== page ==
Just hazarding a guess. ;p

foolish chameleon said...

ah, i see... haha.
if not , AK would buy 5 x ERS to "top up"! haha

foolish chameleon said...

"Our plan to max out is:
- Currently maxed out SA to FRS already.
- On top of our mandatory CPF contribution, top up using voluntary CPF contribution up to max $37,740.
- At age 54.5, completely transfer out the OA/SA (except the required set aside $20k/$40k) to invest in SGS Bonds.
- At age 55, creation of RA for my wife and me.
- Then, top up RA to ERS amount using cash for my wife, and FRS for me.
- At age 55.5, release back SGS Bonds (hopefully with good price) back to OA/SA.
- At age 65, my wife will go for ERS Escalating plan with payout, but I will go for BRS Escalating with deferred payout from 70.
- We'll let CPF OA/SA continue to earn interest and only start drawn down from age 75-80 with target zero balance ending age 96.

Reason for BRS for me is that male has lower life expectancy. If we go ERS for both, and I die first, then she will loose a life partner and 50% household income at the same time (ignoring the bequest for now). So I will keep my CPF in OA/SA instead and do annual withdrawal."

geekbyte , for BRS, you have to pledge your ptty. so what happens if you pass on? dont u have to give up your ptty?

AK71 said...

Hi fc,

ERS x5? No lah.

CPF forms a meaningful percentage as the investment grade bond component in my portfolio but I wouldn't want it to become too big a percentage.

I know what many will ask me next and, no, I am not going to say what is a good percentage.

Everyone should decide for themselves if they want more stability or if they can take on more volatility.

Chris Lim said...

When the CPF is run by trustworthy organisation and people, I will agree with what you have stated about CPF being the only bond investment we need and shall do.

However an article, "880,000 pensions hit by Japan investment scandal", I read years ago boggles my mind till today. I also remember reading about how Temasak lost big chunk of money somewhere which I cannot recall now.

I wonder if my concern is too far-fetched?

AK71 said...

Hi Chris,

If our portfolio size is billions of dollars in size, the acceptable margin of error in dollar terms is very different from if our portfolio is millions of dollars in size.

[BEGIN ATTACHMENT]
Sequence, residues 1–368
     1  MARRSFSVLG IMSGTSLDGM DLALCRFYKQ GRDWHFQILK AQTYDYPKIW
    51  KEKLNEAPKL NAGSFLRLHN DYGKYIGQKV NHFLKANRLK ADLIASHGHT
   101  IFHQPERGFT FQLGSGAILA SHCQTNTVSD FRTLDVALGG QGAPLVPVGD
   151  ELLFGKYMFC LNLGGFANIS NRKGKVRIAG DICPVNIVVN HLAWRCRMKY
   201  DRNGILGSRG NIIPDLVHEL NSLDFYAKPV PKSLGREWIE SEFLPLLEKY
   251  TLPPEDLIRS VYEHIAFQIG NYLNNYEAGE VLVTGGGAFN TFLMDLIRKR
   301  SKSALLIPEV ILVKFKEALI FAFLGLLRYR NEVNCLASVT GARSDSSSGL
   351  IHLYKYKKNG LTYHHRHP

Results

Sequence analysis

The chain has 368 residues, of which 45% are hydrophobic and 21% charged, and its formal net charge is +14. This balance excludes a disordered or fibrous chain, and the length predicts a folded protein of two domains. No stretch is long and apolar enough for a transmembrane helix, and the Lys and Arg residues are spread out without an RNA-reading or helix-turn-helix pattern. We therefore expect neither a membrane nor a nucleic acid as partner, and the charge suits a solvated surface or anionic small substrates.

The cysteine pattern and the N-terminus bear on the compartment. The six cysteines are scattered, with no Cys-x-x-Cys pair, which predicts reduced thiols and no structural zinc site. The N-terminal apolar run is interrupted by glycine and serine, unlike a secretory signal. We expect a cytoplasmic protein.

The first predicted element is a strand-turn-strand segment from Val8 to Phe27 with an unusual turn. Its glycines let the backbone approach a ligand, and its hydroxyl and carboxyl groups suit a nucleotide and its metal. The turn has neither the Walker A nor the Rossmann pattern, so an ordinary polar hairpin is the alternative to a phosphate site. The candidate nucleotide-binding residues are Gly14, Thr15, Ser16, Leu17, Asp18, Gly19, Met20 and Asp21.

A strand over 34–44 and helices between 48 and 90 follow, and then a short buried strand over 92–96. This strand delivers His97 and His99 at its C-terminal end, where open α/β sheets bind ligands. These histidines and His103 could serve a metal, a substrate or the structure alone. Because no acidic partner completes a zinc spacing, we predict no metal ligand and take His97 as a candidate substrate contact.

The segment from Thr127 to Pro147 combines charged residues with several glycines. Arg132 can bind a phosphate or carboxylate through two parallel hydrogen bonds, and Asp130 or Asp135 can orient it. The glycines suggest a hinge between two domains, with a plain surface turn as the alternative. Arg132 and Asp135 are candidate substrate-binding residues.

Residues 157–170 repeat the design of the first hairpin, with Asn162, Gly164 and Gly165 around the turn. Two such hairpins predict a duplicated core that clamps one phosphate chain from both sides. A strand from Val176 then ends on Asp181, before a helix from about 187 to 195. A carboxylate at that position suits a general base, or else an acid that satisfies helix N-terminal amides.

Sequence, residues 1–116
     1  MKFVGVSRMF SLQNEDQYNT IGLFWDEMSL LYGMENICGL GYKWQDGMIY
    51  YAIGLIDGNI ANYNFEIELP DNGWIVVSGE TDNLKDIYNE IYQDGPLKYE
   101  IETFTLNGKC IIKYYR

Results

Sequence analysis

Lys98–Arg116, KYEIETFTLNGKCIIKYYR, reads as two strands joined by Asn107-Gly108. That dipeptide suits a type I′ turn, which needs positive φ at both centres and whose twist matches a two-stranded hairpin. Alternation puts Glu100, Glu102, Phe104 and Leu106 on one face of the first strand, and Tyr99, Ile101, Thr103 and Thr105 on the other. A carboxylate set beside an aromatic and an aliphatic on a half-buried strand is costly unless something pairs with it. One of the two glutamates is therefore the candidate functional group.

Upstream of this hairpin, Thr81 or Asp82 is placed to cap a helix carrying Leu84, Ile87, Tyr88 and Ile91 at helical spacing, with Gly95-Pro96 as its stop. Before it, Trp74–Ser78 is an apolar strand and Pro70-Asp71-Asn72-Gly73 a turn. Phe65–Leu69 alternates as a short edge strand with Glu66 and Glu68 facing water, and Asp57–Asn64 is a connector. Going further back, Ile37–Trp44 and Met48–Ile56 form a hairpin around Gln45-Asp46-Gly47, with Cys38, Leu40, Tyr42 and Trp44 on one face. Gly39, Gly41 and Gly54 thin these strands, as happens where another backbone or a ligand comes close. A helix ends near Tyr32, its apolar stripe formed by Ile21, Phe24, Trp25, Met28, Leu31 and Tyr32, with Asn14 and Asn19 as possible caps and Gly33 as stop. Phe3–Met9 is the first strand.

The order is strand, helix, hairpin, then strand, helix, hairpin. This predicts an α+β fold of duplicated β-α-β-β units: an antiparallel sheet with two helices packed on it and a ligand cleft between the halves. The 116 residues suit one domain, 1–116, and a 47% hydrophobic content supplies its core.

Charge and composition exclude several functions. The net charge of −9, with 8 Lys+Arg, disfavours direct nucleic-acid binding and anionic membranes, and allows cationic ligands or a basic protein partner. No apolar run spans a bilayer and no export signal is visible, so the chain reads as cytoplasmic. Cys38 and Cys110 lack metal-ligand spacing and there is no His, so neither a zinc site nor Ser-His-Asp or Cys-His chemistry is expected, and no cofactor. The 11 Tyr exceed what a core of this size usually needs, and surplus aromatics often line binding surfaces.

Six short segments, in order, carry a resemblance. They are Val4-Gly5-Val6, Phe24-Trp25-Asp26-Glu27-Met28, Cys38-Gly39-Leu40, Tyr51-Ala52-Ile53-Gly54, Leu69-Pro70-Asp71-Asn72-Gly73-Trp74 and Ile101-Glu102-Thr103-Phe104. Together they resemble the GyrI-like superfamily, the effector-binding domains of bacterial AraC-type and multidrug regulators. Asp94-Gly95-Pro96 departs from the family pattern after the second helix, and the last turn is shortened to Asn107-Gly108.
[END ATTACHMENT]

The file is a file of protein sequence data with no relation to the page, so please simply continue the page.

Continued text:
As investors, big or small, if we are right 6 times out of 10, we are considered good, so the famed investor Peter Lynch said.

Anyway, Temasek Holdings does not invest with CPF money.

AK71 said...

Winston Wee said...

CPF has benefited a huge majority of Singaporeans including myself, in terms of helping to pay off my house and providing a monthly sum after my retirement.

In any scheme or policy, it is meant to benefit the large majority. There will always be some, who for some reasons or other, fall through the crack. There will be some who will take issue from a rather narrow perspective.

It doesn't take away the fact that CPF has met its main objective of providing housing for Singaporeans and some financial support after retirement. You hv to look hard to find a better scheme elsewhere in the world.

See:
What to do if we don't trust the CPF system?

AK71 said...

Global economic growth and booming share markets helped Temasek Holdings hit record numbers last year, but it warned that near-term risks are on the horizon.

The investment firm reported yesterday that its net portfolio value hit a new high of $308 billion in the 12 months to March 31 - the first time it had exceeded $300 billion, and up $33 billion from a year earlier. Its one-year total shareholder return was 12.19 per cent.

Source:
https://www.straitstimes.com/business/companies-markets/temaseks-portfolio-value-hits-new-high-of-308-billion

AK71 said...

Junda Huang says...

Indeed, a fake news article by straitstimesreview was very popular some time ago and shared widely, claiming Temasek has lost hundreds of millions and hence CPF monies are gone.

When I pointed out the simple fact that CPF monies were not even handled by Temasek but rather by GIC, all sorts of conspiracy theories and accusations came up ๐Ÿ™„

AK71 said...

Henry said...
Don't think AK needs to bother about hedging volatility using bonds because he already has a 6 figures passive income every year. And a mil in his CPF. Even if his investment yield drop, its still 6 figures that enable him to live a very comfortable life. To be able to achieve that, think his net worth has to be in the range of 5 mil or more. So I think net worth matters? Correct or not? :)

AK said...
As I am not very rich, I don't bother looking for investment grade bonds to invest in because I have a meaningful amount of CPF savings which is risk free and volatility free.

Of course, if I am very rich, then, the CPF might not be enough but as it stands, it is enough for me.

I hope that answers your question. :)